University of West Georgia students are provided a MyUWG e-mail account. The University considers this account to be an official means of communication between the University and the student. The purpose of the official use of the student e-mail account is to provide an effective means of communicating important university related information to UWG students in a timely manner. It is the student’s responsibility to check his or her email.

Credit Hour Policy

The University of West Georgia grants one semester hour of credit for work equivalent to a minimum of one hour (50 minutes) of in-class or other direct faculty instruction AND two hours of student work outside of class per week for approximately fifteen weeks. For each course, the course syllabus will document the amount of in-class (or other direct faculty instruction) and out-of-class work required to earn the credit hour(s) assigned to the course. Out-of-class work will include all forms of credit-bearing activity, including but not limited to assignments, readings, observations, and musical practice. Where available, the university grants academic credit for students who verify via competency-based testing, that they have accomplished the learning outcomes associated with a course that would normally meet the requirements outlined above (e.g. AP credit, CLEP, and departmental exams).

HB 280 (Campus Carry)

UWG follows University System of Georgia (USG) guidance: http://www.usg.edu/hb280/additional_information#

You may also visit our website for help with USG Guidance: https://www.westga.edu/police/campus-carry.php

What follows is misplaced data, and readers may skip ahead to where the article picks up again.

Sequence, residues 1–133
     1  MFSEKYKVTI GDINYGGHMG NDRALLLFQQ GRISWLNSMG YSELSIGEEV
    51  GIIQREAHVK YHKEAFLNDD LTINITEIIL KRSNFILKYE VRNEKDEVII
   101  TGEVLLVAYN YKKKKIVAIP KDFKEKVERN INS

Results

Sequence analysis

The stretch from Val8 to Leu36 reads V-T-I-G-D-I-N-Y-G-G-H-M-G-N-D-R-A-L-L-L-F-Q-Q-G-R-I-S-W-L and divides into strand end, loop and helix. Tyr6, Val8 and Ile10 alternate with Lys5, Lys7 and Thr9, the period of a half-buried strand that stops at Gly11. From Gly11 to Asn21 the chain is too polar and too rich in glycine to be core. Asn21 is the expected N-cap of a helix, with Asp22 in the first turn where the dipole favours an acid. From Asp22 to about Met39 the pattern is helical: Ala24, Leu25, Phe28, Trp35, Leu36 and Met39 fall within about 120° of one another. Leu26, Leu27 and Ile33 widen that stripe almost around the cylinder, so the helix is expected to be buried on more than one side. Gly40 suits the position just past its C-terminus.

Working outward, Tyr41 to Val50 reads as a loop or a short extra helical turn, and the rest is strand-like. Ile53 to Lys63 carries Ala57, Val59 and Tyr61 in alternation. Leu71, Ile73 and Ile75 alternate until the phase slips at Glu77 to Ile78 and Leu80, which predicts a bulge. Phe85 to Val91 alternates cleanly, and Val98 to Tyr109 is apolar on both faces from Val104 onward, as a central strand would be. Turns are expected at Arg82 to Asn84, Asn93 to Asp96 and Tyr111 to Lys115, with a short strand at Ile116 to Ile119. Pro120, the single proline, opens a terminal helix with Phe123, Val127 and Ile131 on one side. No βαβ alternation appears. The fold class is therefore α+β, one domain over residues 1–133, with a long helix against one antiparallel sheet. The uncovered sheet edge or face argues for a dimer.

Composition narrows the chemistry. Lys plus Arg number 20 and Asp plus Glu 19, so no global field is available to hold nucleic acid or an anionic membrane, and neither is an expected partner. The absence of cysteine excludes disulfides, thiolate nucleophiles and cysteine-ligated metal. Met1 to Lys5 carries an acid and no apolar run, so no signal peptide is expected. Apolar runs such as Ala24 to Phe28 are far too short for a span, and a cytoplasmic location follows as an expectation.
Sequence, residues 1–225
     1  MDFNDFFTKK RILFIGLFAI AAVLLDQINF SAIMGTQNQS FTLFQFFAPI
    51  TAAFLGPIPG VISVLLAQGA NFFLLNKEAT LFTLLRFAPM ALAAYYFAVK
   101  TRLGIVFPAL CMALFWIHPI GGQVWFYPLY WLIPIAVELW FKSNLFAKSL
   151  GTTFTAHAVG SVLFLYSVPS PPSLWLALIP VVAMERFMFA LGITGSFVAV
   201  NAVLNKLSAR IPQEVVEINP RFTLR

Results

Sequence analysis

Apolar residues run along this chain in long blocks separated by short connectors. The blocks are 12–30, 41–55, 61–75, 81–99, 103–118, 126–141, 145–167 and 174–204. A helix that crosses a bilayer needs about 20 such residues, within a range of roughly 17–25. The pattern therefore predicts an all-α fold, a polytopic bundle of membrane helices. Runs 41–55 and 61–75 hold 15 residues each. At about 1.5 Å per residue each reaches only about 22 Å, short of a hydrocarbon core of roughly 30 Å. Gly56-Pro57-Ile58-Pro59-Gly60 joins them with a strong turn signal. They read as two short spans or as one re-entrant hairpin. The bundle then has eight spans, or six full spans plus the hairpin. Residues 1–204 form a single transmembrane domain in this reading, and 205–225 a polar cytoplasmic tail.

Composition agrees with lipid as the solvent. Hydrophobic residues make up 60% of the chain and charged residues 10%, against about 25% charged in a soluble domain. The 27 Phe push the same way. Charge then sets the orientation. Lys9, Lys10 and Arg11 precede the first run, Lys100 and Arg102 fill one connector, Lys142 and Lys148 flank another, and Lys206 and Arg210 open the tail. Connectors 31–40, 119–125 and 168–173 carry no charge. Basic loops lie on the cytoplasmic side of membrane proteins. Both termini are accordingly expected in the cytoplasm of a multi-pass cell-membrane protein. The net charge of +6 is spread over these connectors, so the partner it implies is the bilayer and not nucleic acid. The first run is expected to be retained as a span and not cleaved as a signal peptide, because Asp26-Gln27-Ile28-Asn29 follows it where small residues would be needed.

Mental Health Support

If you or another student find that you are experiencing a mental health issue, free confidential services are available on campus in the Counseling Center. Students who have experienced sexual or domestic violence may receive confidential medical and advocacy services with the Patient Advocates in Health Services. To report a concern anonymously, please go to UWGcares.

ELL Resources

If you are a student having difficulty with English language skills, and / or U.S. culture is not your home culture, specialized resources are available to help you succeed. Please visit the E.L.L. resource page for more information.

COVID-19

Proctored Exams/Online Instruction: Students should be aware and plan ahead for the possibility of having to complete all courses and/or exams online or in a proctored environment. This means talking with your instructors about what minimum technical requirements (software and hardware) will be required should your class move online or a student's personal needs dictate. This also includes making plans for internet access at whatever location participation may occur.

Virtual or in-person proctored exams, if your instructor should require them, may result in an additional cost to the student. Please discuss these details with your instructor or see the information provided here.